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-Andy-

How do you clean Lebanese fossils?

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-Andy-

Hi all,

 

I just acquired several Lebanese fossils that are very chalky. The fossils themselves are even slightly covered in a fine white dust. They also feel as though they could easily be damaged.

 

Does anyone have any tips for cleaning of Lebanese fossils? Can I rinse them lightly with water?

 

Should I also use a sealant on them?

 

Thank you.

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Fossildude19

I would try a damp sponge on the back of a fossil, to see if it causes any damage. 

Then, clean the front, if the back survives with no damage.

I know Jim (old dead things) uses a fixitive for the Green River Fish he quarries - to keep the chalky dust from spreading everywhere.

Maybe search his posts. 

 

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FossilDudeCO

most people that dig Green River Formation use a mix of 1 part elmers to 10 parts water. 

Brush it on very lightly to keep the fish and rock looking good.

 

I have a few older ones from the 70's and 80's that have started to yellow though. It isn't very noticeable due to the colour of the rock anyways.

 

This may work on the Lebanese fossils as well, what I have seen from there is similar. But I do not know much about them.

 

As Tim said, see about Old Dead Things, maybe he uses something else

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jpc

Old Dead Things uses the same 50/50 elmers to water.  (he is taking a Forum hiatus).  Blake, if your old specimens are starting to yellow, this means the glue is actually changing chemically.  To what...I don't know, but possibly more brittle product.  This is why museums don't use elmer's.  I rarely seal Green River fish, but if I do I use thin vinac.   And I know nothing about Lebanese fish.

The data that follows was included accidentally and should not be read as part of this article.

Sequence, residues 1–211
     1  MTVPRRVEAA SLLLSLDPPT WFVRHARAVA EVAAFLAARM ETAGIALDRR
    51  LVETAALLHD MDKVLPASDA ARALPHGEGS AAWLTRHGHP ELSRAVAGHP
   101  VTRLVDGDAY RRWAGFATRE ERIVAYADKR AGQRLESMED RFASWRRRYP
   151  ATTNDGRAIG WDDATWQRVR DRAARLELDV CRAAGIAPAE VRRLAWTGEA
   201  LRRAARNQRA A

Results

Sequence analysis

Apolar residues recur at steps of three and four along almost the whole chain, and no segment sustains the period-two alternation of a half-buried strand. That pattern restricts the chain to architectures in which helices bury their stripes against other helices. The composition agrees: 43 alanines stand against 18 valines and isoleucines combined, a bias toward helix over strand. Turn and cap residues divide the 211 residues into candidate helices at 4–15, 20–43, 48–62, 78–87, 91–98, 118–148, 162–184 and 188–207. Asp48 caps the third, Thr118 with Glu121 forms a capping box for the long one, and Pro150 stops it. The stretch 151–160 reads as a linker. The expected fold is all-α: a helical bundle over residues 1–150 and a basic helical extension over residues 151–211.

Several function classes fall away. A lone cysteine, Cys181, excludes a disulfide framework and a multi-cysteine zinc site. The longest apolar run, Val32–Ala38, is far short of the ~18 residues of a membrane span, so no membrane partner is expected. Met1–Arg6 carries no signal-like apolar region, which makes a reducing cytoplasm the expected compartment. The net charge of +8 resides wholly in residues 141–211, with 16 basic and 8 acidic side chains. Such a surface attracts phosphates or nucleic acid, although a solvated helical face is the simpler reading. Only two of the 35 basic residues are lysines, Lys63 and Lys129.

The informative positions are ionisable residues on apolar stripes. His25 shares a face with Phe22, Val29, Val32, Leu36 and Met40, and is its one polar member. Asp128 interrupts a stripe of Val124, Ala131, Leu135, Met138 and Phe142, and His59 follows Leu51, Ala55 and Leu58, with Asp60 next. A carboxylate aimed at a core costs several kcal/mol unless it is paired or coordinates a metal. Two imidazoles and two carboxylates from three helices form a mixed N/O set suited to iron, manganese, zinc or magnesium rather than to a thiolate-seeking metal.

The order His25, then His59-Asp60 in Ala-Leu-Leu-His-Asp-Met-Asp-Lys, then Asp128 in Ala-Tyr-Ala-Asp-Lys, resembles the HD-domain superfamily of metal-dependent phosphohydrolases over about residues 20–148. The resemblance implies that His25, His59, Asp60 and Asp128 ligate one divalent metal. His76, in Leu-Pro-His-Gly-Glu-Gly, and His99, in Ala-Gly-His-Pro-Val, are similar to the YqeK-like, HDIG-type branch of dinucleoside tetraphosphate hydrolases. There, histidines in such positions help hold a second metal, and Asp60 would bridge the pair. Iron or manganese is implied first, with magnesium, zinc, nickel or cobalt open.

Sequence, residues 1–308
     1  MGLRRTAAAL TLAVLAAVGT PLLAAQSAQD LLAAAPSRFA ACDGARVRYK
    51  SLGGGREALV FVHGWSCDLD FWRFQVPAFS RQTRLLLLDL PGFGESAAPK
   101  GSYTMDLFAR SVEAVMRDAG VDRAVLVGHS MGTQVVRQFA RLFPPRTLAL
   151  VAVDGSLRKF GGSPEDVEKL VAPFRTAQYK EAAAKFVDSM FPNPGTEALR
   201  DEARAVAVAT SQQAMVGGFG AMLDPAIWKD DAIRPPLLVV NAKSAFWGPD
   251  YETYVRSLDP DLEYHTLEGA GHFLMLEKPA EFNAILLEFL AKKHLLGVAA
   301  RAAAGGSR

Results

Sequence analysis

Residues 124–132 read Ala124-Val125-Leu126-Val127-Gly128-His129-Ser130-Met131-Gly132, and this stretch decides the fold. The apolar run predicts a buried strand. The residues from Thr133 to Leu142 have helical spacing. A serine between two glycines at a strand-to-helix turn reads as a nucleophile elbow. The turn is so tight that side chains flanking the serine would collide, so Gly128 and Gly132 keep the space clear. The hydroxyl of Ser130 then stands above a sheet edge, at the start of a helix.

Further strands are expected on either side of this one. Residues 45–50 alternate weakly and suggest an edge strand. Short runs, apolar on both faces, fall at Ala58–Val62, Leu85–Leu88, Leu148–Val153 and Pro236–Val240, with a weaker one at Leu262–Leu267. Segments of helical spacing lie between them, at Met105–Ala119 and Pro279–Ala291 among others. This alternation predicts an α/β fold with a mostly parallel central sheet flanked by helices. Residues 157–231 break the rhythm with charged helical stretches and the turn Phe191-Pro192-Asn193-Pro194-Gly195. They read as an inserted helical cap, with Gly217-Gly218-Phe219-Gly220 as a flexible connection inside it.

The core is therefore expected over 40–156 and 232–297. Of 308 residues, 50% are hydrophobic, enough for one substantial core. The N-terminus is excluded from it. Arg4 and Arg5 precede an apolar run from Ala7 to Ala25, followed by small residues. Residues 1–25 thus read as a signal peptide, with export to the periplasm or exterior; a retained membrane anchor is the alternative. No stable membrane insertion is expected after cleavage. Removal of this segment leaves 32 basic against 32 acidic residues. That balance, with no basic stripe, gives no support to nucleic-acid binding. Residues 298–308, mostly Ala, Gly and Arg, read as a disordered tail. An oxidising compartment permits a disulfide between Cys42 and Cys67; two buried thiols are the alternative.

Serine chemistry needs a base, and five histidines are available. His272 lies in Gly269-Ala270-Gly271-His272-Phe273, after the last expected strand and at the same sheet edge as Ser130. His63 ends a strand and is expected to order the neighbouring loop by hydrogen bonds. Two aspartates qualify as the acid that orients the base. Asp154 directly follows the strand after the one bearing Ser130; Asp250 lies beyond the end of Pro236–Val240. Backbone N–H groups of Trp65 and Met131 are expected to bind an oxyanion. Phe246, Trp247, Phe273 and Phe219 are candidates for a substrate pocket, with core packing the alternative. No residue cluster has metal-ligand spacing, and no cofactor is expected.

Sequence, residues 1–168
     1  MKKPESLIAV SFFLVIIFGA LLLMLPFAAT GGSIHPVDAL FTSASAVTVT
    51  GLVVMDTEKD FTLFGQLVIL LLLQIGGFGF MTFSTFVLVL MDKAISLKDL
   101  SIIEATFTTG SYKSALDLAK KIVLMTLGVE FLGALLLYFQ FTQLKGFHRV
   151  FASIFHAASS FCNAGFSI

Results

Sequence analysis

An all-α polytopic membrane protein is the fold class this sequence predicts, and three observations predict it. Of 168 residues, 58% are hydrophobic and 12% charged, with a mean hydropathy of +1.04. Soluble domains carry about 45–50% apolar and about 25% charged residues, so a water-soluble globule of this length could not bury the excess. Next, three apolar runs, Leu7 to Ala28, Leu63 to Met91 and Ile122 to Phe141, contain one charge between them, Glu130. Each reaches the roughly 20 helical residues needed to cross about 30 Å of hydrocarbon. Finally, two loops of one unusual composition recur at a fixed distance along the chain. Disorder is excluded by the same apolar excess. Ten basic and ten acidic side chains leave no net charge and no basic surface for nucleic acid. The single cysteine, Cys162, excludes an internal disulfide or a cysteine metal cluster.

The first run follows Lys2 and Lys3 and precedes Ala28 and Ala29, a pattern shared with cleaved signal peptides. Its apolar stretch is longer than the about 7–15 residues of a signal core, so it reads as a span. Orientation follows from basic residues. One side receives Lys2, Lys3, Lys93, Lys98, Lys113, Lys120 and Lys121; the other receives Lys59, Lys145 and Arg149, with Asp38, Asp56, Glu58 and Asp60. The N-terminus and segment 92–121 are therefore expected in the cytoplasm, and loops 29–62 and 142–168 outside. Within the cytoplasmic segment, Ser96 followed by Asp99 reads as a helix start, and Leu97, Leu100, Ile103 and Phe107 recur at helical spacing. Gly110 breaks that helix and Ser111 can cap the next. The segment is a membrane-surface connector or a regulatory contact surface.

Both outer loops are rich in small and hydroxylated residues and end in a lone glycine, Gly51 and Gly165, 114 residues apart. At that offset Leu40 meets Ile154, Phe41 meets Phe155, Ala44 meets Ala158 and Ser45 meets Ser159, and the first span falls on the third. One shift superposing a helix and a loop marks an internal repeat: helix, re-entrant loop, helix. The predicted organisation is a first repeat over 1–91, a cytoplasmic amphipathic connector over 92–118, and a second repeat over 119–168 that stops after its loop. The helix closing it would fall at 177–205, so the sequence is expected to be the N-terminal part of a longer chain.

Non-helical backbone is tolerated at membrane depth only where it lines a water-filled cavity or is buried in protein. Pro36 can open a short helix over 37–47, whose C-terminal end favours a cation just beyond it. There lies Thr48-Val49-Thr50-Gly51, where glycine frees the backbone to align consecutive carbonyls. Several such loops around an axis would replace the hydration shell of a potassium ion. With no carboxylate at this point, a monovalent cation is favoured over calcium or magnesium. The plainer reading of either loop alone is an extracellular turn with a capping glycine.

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Harry Pristis

Here's the thing . . . you don't want to use an acetone-based consolidant over a white glue.  You'd get unsightly and difficult-to-remove white stains.  Best to contact the original preparer to find out what he may have used.

 

I had this challenge years ago with a Green River stingray that started to shed small particles.  I called the preparer (at a commercial quarry in Wyoming) and had to convince him that I wasn't trying to steal trade secrets (as I said, this was a long time ago).  I was able to use Butvar-76 to stabilize my fish.

 

Remember, you can use white glue over Butvar (Vinac, et al.), but not the other way around!

fossil_frames_trio.JPG

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RJB

Ive used 50/50 elmers and water many times, but only on what I consider B-Grade fossil fish.  I do use a lot of Glyptal.  Ive got fossils from over 20 years back that ive used Glyptal on and they still look the same as the day I did them.  Not sure if you can still get Glyptal though?   Im also old school.

 

RB

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-Andy-

Many of those material aren't available in my area.

 

I tend to use artist's matte varnish on my fossils. Guess I shall test it on a small part of my Lebanese fish.

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